To be fair, every language worth its salt has this problem, or something similar. As an example, throw your favorite code walker at this Lisp code:

(iter (for i from 1 to 10) (collect i))

You probably can't predict that this is a loop that produces a list, because the iter macro is opaque and would require special knowledge to understand. The reality is that this is annoying in theory (I can't understand my code without running it, or at least running the iter macro, which may not ever stop running with this input), but very useful in practice (iteration is easy for the programmer to write and the future programmer to read).

Finally, a lot of people think that Perl lacks static analysis and refactoring tools, like Java has, because of the relative difficulty in parsing it. I doubt this is true, I just think the need is not there and nobody has bothered to write it. (People do need a "lint", so there is Perl::Critic, for example.)

Any static analysis I have needed to do of Perl to generate code (some emacs macros for maintaining test counters and Makefile.PL) has worked fine. Could weird corner cases throw off my code? Of course, but I don't go out of my way to write code that's impossible to maintain, even though I could.

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So why do you use the terms "run Perl code at compile-time" rather than "compile Perl code at run-time". Whats the distinction? That's why I asked about terminology. – Paul Biggar Aug 14 '09 at 23:25
So its just the terminology from the Perl community? We would be just as correct to say that the second "compile" occurs during the execution of the BEGIN block, as to say that the first execution occurs during the compile phase of the main code? – Paul Biggar Aug 14 '09 at 23:49
Yes, though the end of the initial compilation phase is special. – ysth Aug 15 '09 at 0:56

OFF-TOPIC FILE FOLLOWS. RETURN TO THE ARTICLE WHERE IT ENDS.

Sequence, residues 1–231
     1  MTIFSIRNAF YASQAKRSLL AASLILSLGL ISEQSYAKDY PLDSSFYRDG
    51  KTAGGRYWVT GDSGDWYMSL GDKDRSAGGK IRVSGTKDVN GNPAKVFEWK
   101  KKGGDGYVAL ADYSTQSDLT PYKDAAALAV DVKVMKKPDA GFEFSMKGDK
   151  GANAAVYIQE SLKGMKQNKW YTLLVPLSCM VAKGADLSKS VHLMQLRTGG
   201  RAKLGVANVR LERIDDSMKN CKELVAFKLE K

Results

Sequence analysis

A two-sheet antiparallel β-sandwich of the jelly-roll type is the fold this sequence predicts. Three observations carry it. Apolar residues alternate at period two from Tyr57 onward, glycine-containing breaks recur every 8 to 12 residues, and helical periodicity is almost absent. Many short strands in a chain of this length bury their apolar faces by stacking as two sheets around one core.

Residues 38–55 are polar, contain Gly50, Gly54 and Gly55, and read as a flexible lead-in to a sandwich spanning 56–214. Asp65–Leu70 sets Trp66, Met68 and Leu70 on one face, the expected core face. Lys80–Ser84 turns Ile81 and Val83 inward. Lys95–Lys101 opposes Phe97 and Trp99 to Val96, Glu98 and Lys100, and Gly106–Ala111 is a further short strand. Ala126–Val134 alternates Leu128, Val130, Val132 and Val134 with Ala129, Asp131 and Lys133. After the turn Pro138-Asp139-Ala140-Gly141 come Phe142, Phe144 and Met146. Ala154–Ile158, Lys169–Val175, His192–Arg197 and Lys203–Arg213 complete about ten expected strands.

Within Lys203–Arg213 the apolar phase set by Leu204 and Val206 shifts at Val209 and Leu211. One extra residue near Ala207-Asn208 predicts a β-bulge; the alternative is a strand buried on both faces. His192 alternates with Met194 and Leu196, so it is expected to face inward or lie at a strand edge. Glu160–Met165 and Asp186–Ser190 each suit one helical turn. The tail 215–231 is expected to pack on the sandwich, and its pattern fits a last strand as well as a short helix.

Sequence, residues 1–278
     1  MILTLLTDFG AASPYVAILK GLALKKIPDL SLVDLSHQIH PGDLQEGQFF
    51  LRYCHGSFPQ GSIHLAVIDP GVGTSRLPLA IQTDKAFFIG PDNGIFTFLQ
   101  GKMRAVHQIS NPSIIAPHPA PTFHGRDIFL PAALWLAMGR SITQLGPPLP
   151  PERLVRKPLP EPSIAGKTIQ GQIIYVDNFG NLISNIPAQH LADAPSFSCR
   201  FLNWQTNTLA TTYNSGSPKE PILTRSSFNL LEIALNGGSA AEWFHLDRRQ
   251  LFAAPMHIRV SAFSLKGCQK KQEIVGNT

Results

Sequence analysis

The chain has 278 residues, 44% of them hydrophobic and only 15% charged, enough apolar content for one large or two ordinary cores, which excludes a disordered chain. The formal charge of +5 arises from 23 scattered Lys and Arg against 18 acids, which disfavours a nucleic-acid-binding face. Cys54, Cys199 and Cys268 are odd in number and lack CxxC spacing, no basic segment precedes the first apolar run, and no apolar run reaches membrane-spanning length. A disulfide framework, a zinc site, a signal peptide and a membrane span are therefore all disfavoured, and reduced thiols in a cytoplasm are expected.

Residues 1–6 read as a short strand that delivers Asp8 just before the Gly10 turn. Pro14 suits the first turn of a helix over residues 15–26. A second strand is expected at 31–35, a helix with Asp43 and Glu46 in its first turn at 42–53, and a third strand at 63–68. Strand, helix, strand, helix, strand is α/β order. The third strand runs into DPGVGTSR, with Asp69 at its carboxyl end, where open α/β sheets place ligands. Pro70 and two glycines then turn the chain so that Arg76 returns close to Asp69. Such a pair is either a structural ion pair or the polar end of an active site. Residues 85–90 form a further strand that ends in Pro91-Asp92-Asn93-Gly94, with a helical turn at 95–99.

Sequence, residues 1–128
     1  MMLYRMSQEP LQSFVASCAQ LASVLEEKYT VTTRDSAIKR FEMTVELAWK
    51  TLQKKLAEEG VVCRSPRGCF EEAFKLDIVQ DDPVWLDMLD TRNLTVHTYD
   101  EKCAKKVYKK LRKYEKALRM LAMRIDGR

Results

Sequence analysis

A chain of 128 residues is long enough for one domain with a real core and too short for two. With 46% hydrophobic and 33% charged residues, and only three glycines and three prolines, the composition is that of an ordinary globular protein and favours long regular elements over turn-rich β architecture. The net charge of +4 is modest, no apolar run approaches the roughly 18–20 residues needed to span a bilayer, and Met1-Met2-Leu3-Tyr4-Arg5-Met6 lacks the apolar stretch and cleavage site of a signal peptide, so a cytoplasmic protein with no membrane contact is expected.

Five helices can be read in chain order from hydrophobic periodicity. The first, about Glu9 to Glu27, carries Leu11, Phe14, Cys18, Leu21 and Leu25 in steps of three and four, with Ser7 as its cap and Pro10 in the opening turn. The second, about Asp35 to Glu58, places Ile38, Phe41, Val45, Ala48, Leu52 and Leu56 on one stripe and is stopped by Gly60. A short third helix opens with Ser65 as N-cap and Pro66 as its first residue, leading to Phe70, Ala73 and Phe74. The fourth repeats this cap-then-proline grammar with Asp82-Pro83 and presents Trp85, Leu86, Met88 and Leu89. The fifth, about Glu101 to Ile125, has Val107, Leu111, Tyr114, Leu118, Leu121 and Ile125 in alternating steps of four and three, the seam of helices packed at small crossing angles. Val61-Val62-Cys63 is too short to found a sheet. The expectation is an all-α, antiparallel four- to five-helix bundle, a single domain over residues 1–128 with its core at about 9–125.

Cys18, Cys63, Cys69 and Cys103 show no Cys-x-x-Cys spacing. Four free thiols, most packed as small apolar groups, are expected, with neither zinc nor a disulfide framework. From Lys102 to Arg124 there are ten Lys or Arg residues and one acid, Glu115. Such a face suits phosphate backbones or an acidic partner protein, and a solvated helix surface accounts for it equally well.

It's not just terminology. Although Perl might run some code in the Compile phase, and maybe compile some code in the Run phase, each of those also have hooks to run at the beginning and end of the Phases. Athough they are a little fuzzy on the inside, they have boundaries where other things happen. – brian d foy Aug 16 '09 at 16:13
@Paul, no, the names reflect the Big Task of each of those phases. The names are purposeful, descriptive, and accurate. – brian d foy Aug 27 '09 at 18:52

People have used a lot of words to explain various phases, but it's really a simple matter. While compiling Perl source, the perl intrepreter may end up running code that changes how the rest of the code will parse. Static analysis, which runs no code, will miss this.

In that Perlmonks post, Jeffrey talks about his articles in The Perl Review that go into much more detail, including a sample program that doesn't parse the same way every time you run it.

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Perl has a compile phase, but it's different than most normal compile phases when it comes to code. Perl's lexer turns the code into tokens, then a parser analyzes tokens to form an op tree. However, BEGIN {} blocks can interrupt this process and allow you to execute code. When doing a use. All BEGIN blocks execute before anything else, giving you a way to set up modules and namespaces. During the overall "compile" of a script, you most likely will use Perl to determine how the Perl module should look when it's done. sub, bare, implies adding it to the glob for the package, but you don't have to. For example, this is a (albeit, odd) way of setting up methods in a module:

package Foo;

use strict;
use warnings;
use List::Util qw/shuffle/;

my @names = qw(foo bar baz bill barn);
my @subs = (
    sub { print "baz!" },
    sub { die; },
    sub { return sub { die } },
@names = shuffle @names;
foreach my $index (0..$#subs) {
   no strict 'refs';